Cole said that existing grants would be allowed to finish, but no new research would be supported.

He added: 'Winding down of this specific research program does not curb NASA's ability or commitment to monitoring carbon and its effects on our changing planet.'

Professor of Energy and Environmental Policy Kelly Sims Gallagher disagrees, calling the shutdown of the program 'a grave mistake'.

Gallagher is the director of Tufts University's Center for International Environment and Resource Policy in Medford, Massachusetts.

She said eliminating the CMS interferes with efforts to verify the emission cuts agreed to in the Paris climate deal. 'If you cannot measure emissions reductions, you cannot be confident that countries are adhering to the agreement,' she told Science. 


Scientists Identify 405,000-year Climate Cycle on Earth

Ancient rocks prove theory of overriding orbital behavior that exacerbates shorter-term effects, like those Milankovitch cycles that cause ice ages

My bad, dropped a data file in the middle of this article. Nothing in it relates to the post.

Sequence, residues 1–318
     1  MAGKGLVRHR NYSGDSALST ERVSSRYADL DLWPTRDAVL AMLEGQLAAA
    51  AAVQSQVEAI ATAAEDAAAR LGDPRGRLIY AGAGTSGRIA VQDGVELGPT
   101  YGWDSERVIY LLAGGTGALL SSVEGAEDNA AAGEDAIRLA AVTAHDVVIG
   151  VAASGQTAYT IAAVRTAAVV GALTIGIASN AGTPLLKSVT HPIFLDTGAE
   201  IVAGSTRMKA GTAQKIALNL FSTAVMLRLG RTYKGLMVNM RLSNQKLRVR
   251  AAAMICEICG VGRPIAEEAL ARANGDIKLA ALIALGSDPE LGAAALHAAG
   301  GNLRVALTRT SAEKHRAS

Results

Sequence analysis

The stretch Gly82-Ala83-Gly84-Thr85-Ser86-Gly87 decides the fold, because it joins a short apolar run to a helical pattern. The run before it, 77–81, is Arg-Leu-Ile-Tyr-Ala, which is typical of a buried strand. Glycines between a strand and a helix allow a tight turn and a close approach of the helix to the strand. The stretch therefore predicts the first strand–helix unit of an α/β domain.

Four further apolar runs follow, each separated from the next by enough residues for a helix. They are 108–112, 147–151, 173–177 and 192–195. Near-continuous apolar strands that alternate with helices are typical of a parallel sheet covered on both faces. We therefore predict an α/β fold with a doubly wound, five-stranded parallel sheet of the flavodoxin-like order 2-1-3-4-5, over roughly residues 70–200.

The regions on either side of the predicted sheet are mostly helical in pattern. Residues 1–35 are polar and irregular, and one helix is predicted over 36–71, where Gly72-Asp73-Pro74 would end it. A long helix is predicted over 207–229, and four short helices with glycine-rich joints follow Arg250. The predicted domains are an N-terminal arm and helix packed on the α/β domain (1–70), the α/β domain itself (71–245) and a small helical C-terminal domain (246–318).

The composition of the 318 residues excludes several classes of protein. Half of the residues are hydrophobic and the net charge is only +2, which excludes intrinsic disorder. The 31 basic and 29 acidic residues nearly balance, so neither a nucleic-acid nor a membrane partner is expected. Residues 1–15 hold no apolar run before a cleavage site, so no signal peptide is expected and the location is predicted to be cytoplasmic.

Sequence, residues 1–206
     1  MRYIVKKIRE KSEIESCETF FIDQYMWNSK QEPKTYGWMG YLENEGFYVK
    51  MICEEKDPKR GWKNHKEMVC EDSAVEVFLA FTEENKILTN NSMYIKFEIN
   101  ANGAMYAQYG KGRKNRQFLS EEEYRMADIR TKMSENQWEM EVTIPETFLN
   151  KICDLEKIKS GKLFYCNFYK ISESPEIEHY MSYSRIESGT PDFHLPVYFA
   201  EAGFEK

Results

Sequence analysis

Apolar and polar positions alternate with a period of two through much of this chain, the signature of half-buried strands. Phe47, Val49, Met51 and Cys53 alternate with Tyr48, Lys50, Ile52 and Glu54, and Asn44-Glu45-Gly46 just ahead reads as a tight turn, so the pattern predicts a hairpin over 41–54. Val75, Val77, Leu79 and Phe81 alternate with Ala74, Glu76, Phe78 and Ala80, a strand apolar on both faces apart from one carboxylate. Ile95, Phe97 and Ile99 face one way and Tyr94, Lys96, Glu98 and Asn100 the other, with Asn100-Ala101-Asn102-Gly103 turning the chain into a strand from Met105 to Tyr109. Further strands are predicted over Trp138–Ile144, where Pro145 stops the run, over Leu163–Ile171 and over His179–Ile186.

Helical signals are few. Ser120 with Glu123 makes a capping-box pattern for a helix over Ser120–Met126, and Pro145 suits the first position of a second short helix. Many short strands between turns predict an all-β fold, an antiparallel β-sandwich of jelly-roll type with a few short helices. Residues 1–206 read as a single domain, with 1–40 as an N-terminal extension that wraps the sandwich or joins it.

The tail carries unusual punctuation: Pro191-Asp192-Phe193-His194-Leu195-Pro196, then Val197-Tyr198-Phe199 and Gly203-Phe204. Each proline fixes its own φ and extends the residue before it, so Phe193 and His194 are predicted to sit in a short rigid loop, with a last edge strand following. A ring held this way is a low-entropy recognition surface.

Astrophysicists had been saying so for decades, and now geologists have proved it: Earth’s orbit goes through 405,000-year cycles and has done so for hundreds of millions of years. Now, physical proof of the cycle has been found by analyzing ancient rocks in Arizona, New York and New Jersey, explain Dennis Kent and Paul Olsen of Columbia University’s Earth Institute, in the Proceedings of the National Academy of Sciences.

Every 405,000 years, Earth’s orbit around the sun goes from nearly circular to about 5 percent elliptical, and back again.

Within ancient rocks in Arizona’s Petrified Forest National Park, scientists have identified signs of a regular variation in Earth’s orbit that influences climate. Kevin Krajick/Lamont-Doherty Earth Observatory

This mega-cycle doesn’t affect Earth’s climate directly, Olsen explains. It does, however, exacerbate shorter-term cycles that do act directly.